Jump to content

Thai scientists unveil saltwater Covid-19 disinfectant device


snoop1130

Recommended Posts

Thai scientists unveil saltwater Covid-19 disinfectant device

By The Nation

 

800_93b5c5c1d83a2ed.jpg

 

Scientists at Prince of Songkla University (PSU) have unveiled a breakthrough in the battle to prevent the spread of Covid-19 and other diseases.

 

A PSU Faculty of Science research team has developed a device that uses simple technology to produce hypochlorous acid and hypochlorite to disinfect any surface.

 

The device uses only water and salt, making it a convenient and almost free way of producing a constant supply of disinfectant.

 

PSU has handed the research knowledge to government agencies and schools in nine southern provinces – Surat Thani, Nakhon Si Thammarat, Phatthalung, Trang, Satun, Songkhla, Pattani, Yala and Narathiwat.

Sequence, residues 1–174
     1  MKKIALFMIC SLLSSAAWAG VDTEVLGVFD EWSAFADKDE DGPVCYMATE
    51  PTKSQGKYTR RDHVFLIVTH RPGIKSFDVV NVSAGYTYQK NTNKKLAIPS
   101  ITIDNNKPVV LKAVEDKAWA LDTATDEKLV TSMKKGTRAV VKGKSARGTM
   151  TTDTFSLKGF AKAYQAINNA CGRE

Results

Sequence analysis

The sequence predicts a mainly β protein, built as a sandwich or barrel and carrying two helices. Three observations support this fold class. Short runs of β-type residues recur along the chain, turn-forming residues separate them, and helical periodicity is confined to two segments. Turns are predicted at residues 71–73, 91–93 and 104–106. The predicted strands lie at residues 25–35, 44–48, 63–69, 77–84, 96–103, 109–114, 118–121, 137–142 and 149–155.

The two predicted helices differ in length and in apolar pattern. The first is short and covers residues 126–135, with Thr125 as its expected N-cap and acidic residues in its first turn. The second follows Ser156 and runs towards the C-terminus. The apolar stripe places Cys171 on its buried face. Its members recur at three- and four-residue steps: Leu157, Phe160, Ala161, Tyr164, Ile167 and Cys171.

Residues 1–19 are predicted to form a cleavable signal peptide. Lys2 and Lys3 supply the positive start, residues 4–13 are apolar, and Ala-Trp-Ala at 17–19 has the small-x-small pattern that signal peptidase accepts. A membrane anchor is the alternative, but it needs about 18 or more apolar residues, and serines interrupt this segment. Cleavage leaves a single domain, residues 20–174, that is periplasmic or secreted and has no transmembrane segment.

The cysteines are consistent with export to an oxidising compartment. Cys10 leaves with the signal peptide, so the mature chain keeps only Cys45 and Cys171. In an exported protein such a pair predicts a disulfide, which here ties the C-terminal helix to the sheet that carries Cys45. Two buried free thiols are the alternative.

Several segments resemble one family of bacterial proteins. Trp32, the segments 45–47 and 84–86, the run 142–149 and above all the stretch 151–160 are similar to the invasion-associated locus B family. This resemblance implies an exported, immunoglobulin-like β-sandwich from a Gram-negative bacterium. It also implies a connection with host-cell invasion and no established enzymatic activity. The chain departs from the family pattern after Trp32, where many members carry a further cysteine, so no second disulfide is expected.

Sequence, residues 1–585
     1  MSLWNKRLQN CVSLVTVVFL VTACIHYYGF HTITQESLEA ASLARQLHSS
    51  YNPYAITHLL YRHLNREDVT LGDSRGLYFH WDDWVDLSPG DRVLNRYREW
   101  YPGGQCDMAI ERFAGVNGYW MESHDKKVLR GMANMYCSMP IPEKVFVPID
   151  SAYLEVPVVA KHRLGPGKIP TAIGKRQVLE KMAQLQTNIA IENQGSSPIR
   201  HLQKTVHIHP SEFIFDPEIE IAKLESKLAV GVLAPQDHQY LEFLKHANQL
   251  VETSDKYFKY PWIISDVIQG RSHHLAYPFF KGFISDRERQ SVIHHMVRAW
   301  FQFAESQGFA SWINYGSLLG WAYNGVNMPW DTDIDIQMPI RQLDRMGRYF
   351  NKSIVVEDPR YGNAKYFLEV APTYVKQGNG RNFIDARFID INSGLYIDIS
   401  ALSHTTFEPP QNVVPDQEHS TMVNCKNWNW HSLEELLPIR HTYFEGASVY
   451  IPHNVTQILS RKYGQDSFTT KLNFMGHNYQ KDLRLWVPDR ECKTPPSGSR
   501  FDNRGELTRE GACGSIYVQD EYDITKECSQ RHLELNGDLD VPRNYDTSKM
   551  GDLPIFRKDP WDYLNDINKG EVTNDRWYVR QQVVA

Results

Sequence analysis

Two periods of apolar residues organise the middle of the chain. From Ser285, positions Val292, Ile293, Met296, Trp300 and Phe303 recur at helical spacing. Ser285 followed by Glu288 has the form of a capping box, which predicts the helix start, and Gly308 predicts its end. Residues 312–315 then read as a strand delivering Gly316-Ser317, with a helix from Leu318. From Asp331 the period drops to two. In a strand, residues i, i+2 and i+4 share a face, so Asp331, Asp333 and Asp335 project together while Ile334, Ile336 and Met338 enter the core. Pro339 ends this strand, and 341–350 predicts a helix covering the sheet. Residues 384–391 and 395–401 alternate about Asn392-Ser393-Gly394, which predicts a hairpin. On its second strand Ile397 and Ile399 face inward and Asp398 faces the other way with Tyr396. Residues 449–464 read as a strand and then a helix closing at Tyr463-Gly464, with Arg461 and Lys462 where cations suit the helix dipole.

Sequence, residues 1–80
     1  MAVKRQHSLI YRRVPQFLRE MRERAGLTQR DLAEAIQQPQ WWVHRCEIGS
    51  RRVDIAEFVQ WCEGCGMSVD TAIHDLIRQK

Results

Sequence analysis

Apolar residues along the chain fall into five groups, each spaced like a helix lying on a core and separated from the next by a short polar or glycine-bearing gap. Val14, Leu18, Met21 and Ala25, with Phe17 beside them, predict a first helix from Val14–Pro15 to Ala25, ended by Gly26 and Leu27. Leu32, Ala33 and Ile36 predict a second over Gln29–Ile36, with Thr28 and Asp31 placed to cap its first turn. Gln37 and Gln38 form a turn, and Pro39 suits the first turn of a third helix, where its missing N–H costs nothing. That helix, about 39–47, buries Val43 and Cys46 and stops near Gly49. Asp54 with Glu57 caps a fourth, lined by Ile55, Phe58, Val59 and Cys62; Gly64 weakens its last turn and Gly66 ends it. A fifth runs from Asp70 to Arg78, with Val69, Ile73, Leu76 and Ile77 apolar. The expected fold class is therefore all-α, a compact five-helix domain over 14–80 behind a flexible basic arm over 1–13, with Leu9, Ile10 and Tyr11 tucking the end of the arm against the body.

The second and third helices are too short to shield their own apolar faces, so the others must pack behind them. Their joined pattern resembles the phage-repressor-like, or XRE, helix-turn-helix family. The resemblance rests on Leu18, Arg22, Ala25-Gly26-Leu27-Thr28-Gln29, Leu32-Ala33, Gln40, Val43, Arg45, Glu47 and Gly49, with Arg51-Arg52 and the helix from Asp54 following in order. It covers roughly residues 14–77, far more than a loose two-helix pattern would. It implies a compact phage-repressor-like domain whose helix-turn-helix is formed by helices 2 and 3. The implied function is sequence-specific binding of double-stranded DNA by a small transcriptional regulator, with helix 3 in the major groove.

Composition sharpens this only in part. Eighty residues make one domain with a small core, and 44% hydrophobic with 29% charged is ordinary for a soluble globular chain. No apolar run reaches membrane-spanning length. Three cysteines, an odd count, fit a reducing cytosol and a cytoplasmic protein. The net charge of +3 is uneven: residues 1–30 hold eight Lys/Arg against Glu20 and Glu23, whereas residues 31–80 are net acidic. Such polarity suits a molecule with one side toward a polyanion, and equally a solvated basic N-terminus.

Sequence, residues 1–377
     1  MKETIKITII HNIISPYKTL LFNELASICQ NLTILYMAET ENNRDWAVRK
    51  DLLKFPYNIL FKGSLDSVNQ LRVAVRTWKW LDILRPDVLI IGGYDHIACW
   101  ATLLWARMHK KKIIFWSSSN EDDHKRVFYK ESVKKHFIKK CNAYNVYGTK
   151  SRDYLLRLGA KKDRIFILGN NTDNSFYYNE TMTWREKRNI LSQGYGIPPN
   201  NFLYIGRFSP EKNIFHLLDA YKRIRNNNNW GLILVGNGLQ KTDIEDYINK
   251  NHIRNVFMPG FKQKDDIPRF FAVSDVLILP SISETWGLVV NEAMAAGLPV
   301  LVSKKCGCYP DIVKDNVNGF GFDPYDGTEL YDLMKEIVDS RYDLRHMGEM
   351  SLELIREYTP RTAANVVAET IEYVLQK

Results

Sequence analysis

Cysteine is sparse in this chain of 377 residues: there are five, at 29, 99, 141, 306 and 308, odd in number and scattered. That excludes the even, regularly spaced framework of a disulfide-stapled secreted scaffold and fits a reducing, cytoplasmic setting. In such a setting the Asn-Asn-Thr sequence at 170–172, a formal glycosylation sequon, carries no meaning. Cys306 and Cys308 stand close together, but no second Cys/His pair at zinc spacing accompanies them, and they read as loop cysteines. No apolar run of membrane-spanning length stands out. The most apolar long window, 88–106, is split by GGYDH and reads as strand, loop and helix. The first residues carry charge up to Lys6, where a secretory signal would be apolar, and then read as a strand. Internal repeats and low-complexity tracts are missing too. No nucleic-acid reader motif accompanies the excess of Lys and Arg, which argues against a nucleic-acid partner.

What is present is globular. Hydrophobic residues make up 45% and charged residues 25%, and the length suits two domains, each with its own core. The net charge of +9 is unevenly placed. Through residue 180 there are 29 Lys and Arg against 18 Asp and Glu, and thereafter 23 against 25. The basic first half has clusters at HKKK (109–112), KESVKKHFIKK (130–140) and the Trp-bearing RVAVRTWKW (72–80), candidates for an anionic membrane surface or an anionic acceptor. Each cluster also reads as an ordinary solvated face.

The device is designed to replace regular disinfectants, including relatively expensive alcohol-based cleansers.

 

Dr Warakorn Limbut, a PSU chemical scientist, said the new disinfectant device uses electrodes immersed in a container of salt and water (sodium chloride solution). When an electric current is passed through the solution, the positive electrode produces hypochlorous acid with a pH level 4.0 to 6.5 – a weak acid that is highly effective in destroying bacteria and viruses. Meanwhile the negative electrode produces sodium hydroxide with a pH of 8-14 – the main ingredient of bleach.

 

Warakorn hailed the commitment of Faculty of Science students, who worked for one year to develop the device. He said knowledge from the project will now be used for commercial applications to help society.